From massive holding companies to short-lived hackathons, MEDIA magazine salutes the men and women shaping the industry’s future
The good news is that my strategy for getting the best media services organizations to be more open about what sets them apart is working. The bad news is that it’s working. That may not necessarily be bad news for the readers of MEDIA magazine, but it is for its editors, because it’s making selecting agencies of the year harder. I don’t have any hard metrics to back that up, but I can tell, that after more than 30 years of covering this business, I have never seen more innovation — and perhaps equally importantly, more innovative ways of talking about it — than I’ve seen coming from media services organizations these past 12 months.
Be careful what you wish for, right? Or to quote an old ad slogan — by some accounts the first significant one — when it rains it pours. So our editorial team spent more time poring through case studies, presentations, press coverage, and in a lot of the cases reflected here, some pretty impressive direct pitches. The result is that I am as proud as I have ever been about the people and organizations we recognize in this issue, but also candidly quite frustrated. I’m frustrated, because we couldn’t recognize everyone, but I suppose that’s why we have things like Agency of the Year Awards, to make tough calls about who’s on top. I also suppose it’s why we have editor’s forewords like this, so we can talk about some of the others that easily could have won.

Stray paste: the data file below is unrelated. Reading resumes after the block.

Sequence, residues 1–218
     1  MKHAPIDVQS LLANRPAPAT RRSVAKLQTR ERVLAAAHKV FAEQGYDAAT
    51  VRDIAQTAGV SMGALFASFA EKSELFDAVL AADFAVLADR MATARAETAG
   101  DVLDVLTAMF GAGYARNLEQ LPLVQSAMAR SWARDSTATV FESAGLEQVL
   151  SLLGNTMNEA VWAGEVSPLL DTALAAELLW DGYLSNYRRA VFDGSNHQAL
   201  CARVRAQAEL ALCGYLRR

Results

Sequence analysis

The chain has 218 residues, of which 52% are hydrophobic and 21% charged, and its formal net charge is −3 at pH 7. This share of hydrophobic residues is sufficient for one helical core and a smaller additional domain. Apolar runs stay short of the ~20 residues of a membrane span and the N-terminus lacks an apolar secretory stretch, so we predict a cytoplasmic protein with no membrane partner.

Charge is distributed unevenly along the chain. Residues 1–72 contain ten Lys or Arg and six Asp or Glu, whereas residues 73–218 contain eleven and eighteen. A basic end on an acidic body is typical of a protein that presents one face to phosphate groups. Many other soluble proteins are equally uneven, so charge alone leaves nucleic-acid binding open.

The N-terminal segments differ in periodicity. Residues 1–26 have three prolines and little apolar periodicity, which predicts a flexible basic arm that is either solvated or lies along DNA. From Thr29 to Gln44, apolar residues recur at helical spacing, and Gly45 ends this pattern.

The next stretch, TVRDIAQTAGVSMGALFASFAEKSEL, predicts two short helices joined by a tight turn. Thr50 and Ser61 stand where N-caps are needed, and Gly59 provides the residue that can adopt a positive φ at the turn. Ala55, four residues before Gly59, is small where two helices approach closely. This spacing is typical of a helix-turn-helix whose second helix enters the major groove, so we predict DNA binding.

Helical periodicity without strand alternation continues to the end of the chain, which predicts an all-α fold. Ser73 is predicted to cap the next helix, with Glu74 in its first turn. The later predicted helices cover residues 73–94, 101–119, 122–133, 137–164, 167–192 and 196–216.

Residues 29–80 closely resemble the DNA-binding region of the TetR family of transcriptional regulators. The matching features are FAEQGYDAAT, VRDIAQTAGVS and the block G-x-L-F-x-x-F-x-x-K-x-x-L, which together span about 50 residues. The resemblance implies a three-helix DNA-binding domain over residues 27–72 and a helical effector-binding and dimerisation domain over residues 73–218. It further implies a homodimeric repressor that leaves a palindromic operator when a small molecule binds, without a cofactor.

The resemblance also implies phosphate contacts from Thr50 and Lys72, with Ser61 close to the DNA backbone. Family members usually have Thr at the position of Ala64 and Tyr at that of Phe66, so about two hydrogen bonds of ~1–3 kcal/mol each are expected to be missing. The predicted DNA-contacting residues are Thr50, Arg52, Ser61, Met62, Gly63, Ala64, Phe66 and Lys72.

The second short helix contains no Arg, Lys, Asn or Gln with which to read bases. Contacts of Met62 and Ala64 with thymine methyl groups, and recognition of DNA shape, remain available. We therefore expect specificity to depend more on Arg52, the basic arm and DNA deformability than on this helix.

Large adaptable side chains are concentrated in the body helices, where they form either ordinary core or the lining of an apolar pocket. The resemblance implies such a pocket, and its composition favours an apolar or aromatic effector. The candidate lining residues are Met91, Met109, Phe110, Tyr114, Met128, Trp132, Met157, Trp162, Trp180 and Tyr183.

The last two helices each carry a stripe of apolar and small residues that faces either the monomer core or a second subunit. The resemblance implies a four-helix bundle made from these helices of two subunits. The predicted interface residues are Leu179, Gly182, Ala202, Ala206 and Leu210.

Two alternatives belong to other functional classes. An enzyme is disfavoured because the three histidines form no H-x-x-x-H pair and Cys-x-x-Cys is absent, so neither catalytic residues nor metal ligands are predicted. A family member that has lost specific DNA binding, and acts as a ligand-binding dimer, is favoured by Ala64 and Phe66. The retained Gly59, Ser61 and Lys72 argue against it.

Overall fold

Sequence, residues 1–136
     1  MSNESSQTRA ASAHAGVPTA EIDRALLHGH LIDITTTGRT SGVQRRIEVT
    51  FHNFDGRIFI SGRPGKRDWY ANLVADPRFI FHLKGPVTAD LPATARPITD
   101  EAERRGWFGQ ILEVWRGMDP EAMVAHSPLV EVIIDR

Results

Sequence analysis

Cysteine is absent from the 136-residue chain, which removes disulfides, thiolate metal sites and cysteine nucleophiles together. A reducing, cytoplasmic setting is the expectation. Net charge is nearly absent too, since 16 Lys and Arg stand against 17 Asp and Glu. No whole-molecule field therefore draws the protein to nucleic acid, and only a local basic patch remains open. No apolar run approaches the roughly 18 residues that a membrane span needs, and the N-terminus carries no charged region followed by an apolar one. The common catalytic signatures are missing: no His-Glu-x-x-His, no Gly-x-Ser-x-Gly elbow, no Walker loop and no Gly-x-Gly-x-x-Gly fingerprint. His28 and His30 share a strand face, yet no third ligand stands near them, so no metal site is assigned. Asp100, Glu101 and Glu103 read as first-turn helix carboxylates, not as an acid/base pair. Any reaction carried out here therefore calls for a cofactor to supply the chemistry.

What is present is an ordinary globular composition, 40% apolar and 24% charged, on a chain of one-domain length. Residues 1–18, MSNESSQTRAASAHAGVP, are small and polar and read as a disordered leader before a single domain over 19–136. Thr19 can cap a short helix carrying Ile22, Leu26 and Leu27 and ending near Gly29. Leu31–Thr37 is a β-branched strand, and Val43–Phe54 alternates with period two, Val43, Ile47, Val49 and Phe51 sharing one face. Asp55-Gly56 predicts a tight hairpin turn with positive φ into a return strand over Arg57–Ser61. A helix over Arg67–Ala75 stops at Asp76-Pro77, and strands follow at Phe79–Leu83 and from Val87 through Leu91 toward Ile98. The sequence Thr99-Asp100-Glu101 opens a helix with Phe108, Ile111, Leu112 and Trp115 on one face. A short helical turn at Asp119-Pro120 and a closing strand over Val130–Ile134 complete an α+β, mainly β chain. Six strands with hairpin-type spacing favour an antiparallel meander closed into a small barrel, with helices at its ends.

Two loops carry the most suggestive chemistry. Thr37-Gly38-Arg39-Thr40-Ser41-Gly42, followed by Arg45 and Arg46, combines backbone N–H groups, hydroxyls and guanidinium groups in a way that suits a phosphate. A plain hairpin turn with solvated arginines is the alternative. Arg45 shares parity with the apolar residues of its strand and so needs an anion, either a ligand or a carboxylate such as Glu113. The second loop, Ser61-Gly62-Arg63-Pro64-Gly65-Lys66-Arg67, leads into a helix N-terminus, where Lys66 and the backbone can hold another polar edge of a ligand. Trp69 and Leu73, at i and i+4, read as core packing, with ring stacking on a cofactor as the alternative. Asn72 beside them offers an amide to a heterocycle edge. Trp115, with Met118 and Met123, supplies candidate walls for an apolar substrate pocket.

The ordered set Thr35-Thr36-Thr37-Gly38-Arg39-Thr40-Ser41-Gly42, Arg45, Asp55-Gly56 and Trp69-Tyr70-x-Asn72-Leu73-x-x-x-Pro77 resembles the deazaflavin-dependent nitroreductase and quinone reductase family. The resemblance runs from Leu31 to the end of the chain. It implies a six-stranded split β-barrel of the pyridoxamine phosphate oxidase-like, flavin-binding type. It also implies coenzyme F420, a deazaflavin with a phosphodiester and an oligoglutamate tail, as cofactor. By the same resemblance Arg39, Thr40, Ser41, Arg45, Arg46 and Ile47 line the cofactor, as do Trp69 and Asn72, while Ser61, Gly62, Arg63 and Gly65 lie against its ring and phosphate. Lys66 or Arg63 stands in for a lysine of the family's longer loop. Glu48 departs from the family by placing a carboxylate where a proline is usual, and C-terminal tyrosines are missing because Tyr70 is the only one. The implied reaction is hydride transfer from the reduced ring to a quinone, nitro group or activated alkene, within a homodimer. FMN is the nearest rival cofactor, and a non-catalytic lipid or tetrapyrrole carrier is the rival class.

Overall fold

In the end, I will confess that this process is highly subjective, and what separates the winners from the almost winners was often a small margin of difference in the way they played their story, or at least, in the way we heard it. But first let me remind you about our criteria. These awards are not based on business wins or billings growth, per se, but on the ability of each organization to demonstrate — by showing, not simply telling — how they delivered three very specific things: Strategic vision, innovation and industry leadership. In recent years, we’ve added a fourth, criteria, which is collaboration, or the ability to get others in the industry, especially competitors, to work with them to make positive changes happen. Collaboration doesn’t always have to happen in the spirit of openness, the way MPG’s Collaborative Alliance or MDC Partners’ Media Kitchen have operated. Sometimes, it comes from the position of leverage, and the ability to influence others to work with them for a common good, the way WPP’s operations have.
And while I am disappointed that we were not able to recognize every organization delivering on those four criteria, I want to congratulate all of the organizations we looked at for adapting to rapid, Industrial Revolution–level change. Lastly, I want to single out this year’s Agency of the Year, Carat for its first-ever win, besting some especially strong competition, particularly from OMD. You know, for years, a former Carat chief would give me a lot of grief for picking the same organization over and over again for being the best for several years running. Well, Carat has caught up, and surpassed that organization in our estimation, and I’m sure its current management wouldn’t mind winning for several more years to come. That’s just the way we do things at MEDIA. We’re not picking these awards based on winning friends, or losing them. They are based purely and simply on who we believe did the best job of moving the industry forward each year. Congratulations to all this year’s winners.